7.  Improve nutrition.   Specifically:

* eat at least 3 meals and 2 to 3 healthy snacks per day

*  choose lean meats and whole grains

*  eat 5 servings of fruits and vegetables daily

*  avoid eating after 7 Pm or 3 to 4 hours before bedtime.

8.  Monitor weight regularly. Digital scales give more precise measurements, which can prompt individuals to reduce food intake when they notice weight gain. Frequent feedback can help facilitate behavior changes necessary for weight loss.  Weigh-ins should occur between once-a-day and once-a-week.  

People often need help setting appropriate weight loss goals because achieving their ideal weight may not be possible. Losing 10% of body weight usually is a realistic goal that can improve their health.

(Summarized from Current Psychiatry, Vol 7, No. 9: article by Imran S. Khawaja, MBBS)

Fad Diet De Jour

As I was reading the Sunday paper, I notice an article entitled “Clinic Takes Advantage of New Weight loss Discovery”.  Turns out, this was not an article, rather a paid advertisement, and in no way a “new discovery”.  I am personally and professionally interested in weight management so I decided to do some investigation. 

 

This local, family practice physician is promoting hCG Therapy for weight loss.  The ad includes the statement, “If you can’t lose weight, it may be because your body’s signals that used to come from brain areas like the amygdala, hypothalamus, and pituitary gland have stopped sending hormones to your stored fat, telling it to move.  HCG Therapy replaces this process.”  I have had two different patients try this program, in their words, “out of desperation”.  They were charged $2500 (paid up-front) for 6 weeks worth of injections of hCG.  Neither patient lost weight, but more shocking, neither patient was told that this was NOT FDA approved.  Stephen Barrett, M.D. talks about this “therapy” on his website: www.dietscam.org/reports/hcg.shtml . I found more information about this “discovery” on the Dr. Weil’s website as well:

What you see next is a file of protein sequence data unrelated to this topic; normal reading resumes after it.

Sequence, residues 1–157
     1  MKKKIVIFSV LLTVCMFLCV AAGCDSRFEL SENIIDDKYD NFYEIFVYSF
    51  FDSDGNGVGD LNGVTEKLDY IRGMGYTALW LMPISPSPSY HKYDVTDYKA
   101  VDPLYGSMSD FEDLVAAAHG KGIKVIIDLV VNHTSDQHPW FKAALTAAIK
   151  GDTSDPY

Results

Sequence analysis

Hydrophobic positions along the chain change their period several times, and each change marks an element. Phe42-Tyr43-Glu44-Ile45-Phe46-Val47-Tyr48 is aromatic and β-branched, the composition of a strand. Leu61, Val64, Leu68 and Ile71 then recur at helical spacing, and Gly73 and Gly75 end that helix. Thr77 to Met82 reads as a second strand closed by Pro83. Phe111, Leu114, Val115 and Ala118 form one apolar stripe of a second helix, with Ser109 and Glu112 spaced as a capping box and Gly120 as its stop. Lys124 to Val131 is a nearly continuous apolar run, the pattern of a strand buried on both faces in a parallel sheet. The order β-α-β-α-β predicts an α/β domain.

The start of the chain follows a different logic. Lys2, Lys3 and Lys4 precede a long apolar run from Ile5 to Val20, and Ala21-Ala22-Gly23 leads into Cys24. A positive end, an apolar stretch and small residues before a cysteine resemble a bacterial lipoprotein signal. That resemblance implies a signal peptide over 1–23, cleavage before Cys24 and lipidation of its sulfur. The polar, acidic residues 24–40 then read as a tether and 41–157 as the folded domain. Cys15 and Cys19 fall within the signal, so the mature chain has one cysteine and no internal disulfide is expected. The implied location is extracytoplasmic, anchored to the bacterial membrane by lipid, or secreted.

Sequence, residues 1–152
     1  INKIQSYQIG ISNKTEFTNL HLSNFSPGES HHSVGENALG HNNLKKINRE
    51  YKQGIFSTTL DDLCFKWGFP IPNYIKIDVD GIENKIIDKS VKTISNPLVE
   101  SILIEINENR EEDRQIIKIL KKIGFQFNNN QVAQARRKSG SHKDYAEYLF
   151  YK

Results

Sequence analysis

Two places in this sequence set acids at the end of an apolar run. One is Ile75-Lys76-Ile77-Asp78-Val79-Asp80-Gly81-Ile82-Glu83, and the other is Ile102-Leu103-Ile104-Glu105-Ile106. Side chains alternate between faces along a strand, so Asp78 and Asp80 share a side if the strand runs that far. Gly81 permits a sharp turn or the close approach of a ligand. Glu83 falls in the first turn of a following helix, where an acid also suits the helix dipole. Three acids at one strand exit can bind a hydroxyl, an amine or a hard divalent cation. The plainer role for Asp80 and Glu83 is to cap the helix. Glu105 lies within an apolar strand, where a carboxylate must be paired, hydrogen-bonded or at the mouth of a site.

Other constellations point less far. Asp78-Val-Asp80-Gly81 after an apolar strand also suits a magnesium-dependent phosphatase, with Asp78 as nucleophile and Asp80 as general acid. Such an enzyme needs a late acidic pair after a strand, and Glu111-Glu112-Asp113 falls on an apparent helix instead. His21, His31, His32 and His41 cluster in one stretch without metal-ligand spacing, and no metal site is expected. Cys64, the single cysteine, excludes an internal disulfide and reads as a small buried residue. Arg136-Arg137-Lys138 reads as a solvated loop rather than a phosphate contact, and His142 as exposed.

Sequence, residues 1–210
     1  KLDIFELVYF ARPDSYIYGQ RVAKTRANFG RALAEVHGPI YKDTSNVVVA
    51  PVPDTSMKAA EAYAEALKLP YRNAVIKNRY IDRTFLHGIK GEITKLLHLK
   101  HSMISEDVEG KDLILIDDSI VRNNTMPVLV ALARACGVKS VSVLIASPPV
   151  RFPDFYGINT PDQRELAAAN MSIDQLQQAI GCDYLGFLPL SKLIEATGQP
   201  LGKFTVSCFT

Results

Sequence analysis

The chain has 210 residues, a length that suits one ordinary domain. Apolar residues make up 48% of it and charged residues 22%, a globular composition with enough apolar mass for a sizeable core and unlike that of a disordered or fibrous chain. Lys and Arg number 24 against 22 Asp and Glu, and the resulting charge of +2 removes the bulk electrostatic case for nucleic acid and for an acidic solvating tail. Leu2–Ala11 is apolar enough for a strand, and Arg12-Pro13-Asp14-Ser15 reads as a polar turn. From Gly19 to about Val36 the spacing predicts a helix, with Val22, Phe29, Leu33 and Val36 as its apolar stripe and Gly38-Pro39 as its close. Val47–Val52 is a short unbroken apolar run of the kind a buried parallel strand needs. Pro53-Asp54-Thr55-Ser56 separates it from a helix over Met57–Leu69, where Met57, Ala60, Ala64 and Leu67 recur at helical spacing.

The acronym hCG stands for human chorionic gonadotropin, a hormone produced during pregnancy. It is made by cells in the placenta and is believed to mobilize abdominal fat to help nourish the fetus. The notion that daily injections of hCG combined with a severely limited caloric intake of only 500 calories per day would prove an effective weight loss method goes back to 1954 when a British physician, A.T.W. Simeons, proposed it. The idea is that if the hormone can convert fat to calories during pregnancy for use by the baby and, in the process, speed the mother’s metabolism, it can do the same thing when injected into people who want to lose weight.

 

The trouble is, it doesn’t work. Over the years, a number of clinical trials have tested the diet both in Europe and the United States, and none has found that hCG has any positive effect. Sure, you can lose weight on this diet – but that’s because you consume only 500 calories per day, not because you inject yourself with hCG. A study published in the American Journal of Clinical Nutrition in 1976 found no statistically significant difference in weight loss, percent of weight loss, hip and waist circumference, weight loss per injections, or hunger ratings among patients who were on a 500-calorie-per-day diet combined with hCG injections and those who were on the diet and received placebo injections. Taking hCG doesn’t appear to be particularly unsafe, but there is no scientific proof that it does any good. (www.drweil.com/drw/u/QAA400413/Pregnancy-Hormone-for-Weight-Loss.html )

 

Such programs “takes advantage”…of individuals’ desire for an “easy fix” and belief that “if it is from a doctor, it must be real treatment.”  I am saddened that there are members of the medical profession engaging in such seemingly profiteering practices.  While I understand the desperation and frustration of failed weight loss efforts, why not promote increasing exercise and a healthier diet (nutritious, balanced)?  Even if individuals did lose some weight from the ultra-low calorie diet, what is the likelihood that they would be able to maintain that weight loss?  Extremely low, especially if the thoughts and behaviors that led to the weight gain were not addressed.  Sometimes there are no shortcuts.  As they say, “If it sounds too good to be true…”